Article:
facilities until the present cargo area North of Runway 9R-27L is saturated. Following 
this the area assignments begin at a new cargo complex immediately South of Runway 9R-27L. 

This plan somewhat remotes the international facilities but provides a fairly well 
centralized location for the Air Freight Forwarders and the ASPCA facilities in the ultimate 
cargo complex. 

Advantages: 

1 . Developes domestic cargo facilities at a minimum early stage cost 

2. Provides Air Freight Forwarder facilities in small units which could simplify 

occupancy should individual financing by lessee be used. 

_47_ 



3. Plan makes maximum use of existing roadways both now and in the future. For 
example, the present Lawrence and Manheim Roads could be used for Air Freight 
Forwarder circulation. 

Disadvantages : 

1 . The international facilities are remote, particularly in the early stages. 

2. Until the potential cargo volumes are developed the Air Freight Forwarder 
area is remoted from the first stage air cargo area as compared to certain other 
solutions, 

3. Site development cost probably greater than for other plans. 

4. Uses airfield frontage for activity that does not require frontage on airfield. 
The strength of this solution depends on the timing of development of the second 

cargo complex and the need for international air cargo facilities. 

Exhibit 5 - Scheme 2 



Exhibit 5 indicates a progression of domestic development in the cargo complex with 
the international facilities adjacent to the Runway 9R-27L taxiway system. Further domestic 
expansion is indicated to the South of Runway 9R-27L. 

Advantages: 

1 . The Air Freight Forwarders are located in relatively good relationship to the 
known present cargo complex and future expansion South of Runway 9R-27L. 

2. Ready aircraft access to Runway 27L. 

3. The relationship between the ASPCA and the international operations is more 
favorable than under Exhibit 4. 



48- 



Disadvantages; 

1 . The plan of the international area is somewhat cluttered and not as clear cut as 
either of those shown on Exhibits 4 or 6. 

2. Although it is advantageous to have the ASPCA adjacent to the international 

facilities it is not essential. Operationally, it is better to have Federal Inspection, 
Air Freight Forwarders, ASPCA and international facilities in the same complex. 

Exhibit 6 - Scheme 3 

Exhibit 6 indicates the gradual growth of the domestic air cargo development 
until the present complex is saturated and the development of the South part of a new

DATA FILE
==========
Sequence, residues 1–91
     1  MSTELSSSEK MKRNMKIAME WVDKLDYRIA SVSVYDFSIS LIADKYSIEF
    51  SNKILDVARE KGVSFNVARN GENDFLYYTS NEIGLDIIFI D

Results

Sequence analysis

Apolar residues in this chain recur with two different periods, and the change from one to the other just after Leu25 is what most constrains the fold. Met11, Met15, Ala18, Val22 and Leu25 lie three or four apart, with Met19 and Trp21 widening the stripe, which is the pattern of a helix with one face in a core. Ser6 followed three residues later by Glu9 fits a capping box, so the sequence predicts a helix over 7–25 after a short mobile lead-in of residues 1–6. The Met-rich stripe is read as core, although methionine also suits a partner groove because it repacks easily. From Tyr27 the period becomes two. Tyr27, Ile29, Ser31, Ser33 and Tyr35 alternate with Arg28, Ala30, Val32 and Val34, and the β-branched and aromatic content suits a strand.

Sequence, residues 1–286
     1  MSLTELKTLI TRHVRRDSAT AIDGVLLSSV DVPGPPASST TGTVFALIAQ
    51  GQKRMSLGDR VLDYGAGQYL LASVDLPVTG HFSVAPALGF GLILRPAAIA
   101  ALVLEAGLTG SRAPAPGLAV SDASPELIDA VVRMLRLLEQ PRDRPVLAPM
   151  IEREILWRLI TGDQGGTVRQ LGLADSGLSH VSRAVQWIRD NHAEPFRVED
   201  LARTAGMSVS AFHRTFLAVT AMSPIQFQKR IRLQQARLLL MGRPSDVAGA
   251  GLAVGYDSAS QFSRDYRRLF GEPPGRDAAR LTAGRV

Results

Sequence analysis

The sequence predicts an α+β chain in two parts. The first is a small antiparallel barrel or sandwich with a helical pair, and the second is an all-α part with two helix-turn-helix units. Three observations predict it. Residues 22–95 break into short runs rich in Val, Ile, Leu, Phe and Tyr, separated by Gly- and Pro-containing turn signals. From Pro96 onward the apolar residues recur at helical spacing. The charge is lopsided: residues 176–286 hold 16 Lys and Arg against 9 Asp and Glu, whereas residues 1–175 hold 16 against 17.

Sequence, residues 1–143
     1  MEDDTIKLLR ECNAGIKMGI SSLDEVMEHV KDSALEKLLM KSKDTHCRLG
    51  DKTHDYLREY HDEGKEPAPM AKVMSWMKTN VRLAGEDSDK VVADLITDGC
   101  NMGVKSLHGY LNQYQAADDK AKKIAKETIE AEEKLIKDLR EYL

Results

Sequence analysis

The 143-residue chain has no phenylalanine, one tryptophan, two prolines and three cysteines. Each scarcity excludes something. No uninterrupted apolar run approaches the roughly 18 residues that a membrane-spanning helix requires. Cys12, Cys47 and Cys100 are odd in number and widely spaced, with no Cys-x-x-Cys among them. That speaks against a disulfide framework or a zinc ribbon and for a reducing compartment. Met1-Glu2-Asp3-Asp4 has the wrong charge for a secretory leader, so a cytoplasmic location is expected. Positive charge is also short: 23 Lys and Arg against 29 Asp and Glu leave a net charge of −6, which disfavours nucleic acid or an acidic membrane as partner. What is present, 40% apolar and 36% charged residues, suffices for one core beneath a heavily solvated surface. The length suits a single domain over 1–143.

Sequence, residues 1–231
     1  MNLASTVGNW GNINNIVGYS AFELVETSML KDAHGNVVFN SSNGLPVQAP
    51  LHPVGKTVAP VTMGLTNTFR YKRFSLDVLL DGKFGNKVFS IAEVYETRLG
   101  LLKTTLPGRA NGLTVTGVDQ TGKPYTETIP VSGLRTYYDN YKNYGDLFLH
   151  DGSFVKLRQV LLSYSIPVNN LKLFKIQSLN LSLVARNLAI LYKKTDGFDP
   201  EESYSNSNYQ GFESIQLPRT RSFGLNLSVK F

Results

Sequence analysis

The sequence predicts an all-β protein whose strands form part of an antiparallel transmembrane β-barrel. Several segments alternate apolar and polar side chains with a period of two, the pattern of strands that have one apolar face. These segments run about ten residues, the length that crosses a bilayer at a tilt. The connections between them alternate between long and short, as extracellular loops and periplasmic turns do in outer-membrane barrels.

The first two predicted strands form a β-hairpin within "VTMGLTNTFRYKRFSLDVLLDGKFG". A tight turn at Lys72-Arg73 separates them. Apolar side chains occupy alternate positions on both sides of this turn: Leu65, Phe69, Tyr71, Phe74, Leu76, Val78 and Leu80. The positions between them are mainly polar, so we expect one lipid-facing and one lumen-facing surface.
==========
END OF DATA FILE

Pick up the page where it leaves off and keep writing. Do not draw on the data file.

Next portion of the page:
complex as a domestic expansion „ The international facilities are shown expanding 
gradually immediately South of Runway 9R-27L. 

Advantages: 

l>The development of the international facilities are well organized. 

2. Taxiway construction is minimized., 

3. The functional relationship between international, ASPCA, Air Freight 
Forwarders and Federal Inspection areas is good. 

4. Plan is more flexible than other schemes. 

5. Gives ready aircraft access to airfield in all stages. 
Disadvantages: 

1 . Depending on the timing of the international facilities additional site 

development may be required. 
2. Until long range potential volumes are experienced, the volume-distance rate 

for the Air Freight Forwarders is greater than under the alternate location plan. 

Of the three plans, Scheme 3 appears to be the soundest plan for the cargo complex 

development. 

-49- 



TABLE 3-6 
SCHEME I EXHIBIT 4 

Based upon 80 foot width Domestic Building and 100 foot width International Building,, 

1961 1965 1980 

Building Building Building Leased 

Space Space Space Area 

Sq. Ft. Sq. Ft. Sq. Ft. Acres 

Area 1 

Area 2 (F.T. ) 

Area 3 

Area 4 

Area 5 ( F.F. & U.S. Customs ) 

Area 6 ( F.F.) 

Area 7 ( ASPCA ) 

Area 8 

Area 9 

Area 10 International* 

Area 11 International* 

Total 125,300 520,000 899,000 105.0 

* Based on POTENTIAL forecast from Table 2-2. 

( F.T. ) - Flying Tiger 

(F.F. ) - Freight Forwarders - One floor building 

ASPCA - American Society for the Prevention of Cruelty to Animals 



91,500 


91,500 


91,500 


13.6 


33,800 


33,800 


60,800 


9.0 




60,000 


60,000 


7.4 




120,000 


120,000 


14.6 


*) 


60,000 


96,000 


10.4 






24,000 


2.8 




5,000 


10,000 


2.0 




49,700 


80,000 


9.2 






160,000 


18.4 




100,000 


118,700 


18.4 






78,000 


9.2 



-50- 




LEGEND 

'< 19 6 1 

vzmfrA 1965 

T" _ "! 19 80 



(N°) SEE TABLE 3-6 300' 

FOR ACREAGE 



GRAPHIC SCALE 



CHEME " I 



EX H I B I T " 4 



30 AREA STUDY 



600 900 



1965 TAXIWAY